<p>Nice build !</p><p>Over the years , I have built a few speaker boxes . For my bass guitar amp , I made one with 2 15&quot; speakers , ( I run a couple of hundred watts when I play bass ), it is 18&quot; deep , 23&quot; wide , and 45&quot; tall . I used rolled expanded metal for the grille ( very sturdy ) to protect the speaker cones with &quot; cabinet carpet &quot; on the front under the grille . Black vinyl covering .Cabinet corners , and handles in the sides and casters . Black on black on black ! . 2x2 wood for the frame , OSB board for the case ( cheap , and pretty much acoustically dead ) . It is sort of heavy , the roadies hate it ! Years ago , I worked with some folks on the design of a set of &quot; acoustic labyrinth &quot; speakers for a night club ( also known as Carlson speakers ) they worked out good . Oh yeah , There is a company that is called &quot; Orange &quot; that makes orange colored amps . I haven't had the opportunity to try one of them out , but I am told that they are really good . But anyway , Nice set of speakers !!</p><p>Cheers , take care , and have a good day !!</p>
<p>Thanks for sharing!</p>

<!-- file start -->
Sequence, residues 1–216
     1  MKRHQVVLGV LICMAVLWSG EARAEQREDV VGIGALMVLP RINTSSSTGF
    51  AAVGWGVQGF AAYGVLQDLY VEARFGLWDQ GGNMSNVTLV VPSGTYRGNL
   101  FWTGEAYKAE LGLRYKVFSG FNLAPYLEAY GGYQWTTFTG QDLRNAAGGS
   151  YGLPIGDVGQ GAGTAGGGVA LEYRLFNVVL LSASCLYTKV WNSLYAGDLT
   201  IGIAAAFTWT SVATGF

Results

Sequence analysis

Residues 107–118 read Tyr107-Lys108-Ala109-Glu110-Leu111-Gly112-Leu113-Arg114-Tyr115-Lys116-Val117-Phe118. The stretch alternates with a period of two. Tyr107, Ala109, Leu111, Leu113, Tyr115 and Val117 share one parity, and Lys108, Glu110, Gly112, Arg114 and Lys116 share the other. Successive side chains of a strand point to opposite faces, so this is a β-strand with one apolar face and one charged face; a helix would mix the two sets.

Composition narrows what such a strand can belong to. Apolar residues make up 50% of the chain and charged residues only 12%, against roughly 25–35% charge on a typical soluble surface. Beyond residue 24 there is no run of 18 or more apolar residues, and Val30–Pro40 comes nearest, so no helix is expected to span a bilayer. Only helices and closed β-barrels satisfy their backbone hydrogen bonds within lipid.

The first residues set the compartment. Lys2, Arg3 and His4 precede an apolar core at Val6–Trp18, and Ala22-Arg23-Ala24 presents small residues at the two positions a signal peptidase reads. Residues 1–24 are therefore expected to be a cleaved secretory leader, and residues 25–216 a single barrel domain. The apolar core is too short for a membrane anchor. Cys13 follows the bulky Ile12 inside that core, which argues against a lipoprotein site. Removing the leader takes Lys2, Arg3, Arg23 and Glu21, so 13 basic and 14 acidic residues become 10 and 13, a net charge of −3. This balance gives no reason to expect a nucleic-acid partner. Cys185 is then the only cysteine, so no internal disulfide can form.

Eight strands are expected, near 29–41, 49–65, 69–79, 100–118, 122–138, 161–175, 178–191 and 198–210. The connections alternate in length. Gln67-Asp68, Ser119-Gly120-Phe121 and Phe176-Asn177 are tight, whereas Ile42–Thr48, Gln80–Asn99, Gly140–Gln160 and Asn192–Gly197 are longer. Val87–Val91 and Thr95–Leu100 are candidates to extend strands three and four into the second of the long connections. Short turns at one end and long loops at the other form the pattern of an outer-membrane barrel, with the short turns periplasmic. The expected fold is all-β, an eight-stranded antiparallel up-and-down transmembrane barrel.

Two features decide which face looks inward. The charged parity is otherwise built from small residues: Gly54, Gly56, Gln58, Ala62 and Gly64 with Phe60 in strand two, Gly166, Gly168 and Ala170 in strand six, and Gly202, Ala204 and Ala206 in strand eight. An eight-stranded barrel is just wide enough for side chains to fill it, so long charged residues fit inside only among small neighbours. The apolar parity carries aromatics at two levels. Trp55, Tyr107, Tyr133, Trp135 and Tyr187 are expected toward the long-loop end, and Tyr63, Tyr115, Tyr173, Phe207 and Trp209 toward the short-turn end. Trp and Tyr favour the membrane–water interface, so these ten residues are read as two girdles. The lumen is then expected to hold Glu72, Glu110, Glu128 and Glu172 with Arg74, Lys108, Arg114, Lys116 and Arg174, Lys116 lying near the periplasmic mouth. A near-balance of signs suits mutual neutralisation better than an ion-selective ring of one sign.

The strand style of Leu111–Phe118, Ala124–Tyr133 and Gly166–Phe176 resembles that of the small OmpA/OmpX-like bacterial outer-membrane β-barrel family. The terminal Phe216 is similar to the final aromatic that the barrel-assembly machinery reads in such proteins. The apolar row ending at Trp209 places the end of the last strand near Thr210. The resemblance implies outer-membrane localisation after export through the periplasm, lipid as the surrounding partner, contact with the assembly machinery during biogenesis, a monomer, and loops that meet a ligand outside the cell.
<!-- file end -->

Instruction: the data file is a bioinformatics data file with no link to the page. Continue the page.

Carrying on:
<p>Cool idea.. Plywood and solid wood have serious resonance issues and are a poor choice for speaker construction. MDF (or other non-resonant composites) is the preferred material with proper bracing to minimize/reduce resonance further. As to solid softwoods.. they are wonderful for acoustical instruments where you want it to have resonances to add character to the instrument.. but a speaker cabinet should never introduce a sound of it's own. That is the job of the speakers. Vance Dickerson and many others all write about the evils of solid wood when used in speaker design and for good reason. While it looks pretty when used as furniture, that is where it stops..</p><p><a href="https://www.google.com/url?sa=t&rct=j&q=&esrc=s&source=web&cd=3&ved=0CEwQFjACahUKEwjP0KyC_7_IAhXBiw0KHR0bChQ&url=http%3A%2F%2Fwww.parts-express.com%2Floudspeaker-design-cookbook-7th-edition-book--500-035&usg=AFQjCNEhOpwIFDKiA2NUFokO4-rJhZCD2A&sig2=TrDJO240kFeHPL4C2bOBVQ&cad=rja" rel="nofollow">https://www.google.com/url?sa=t&amp;rct=j&amp;q=&amp;esrc=s&amp;so...</a></p>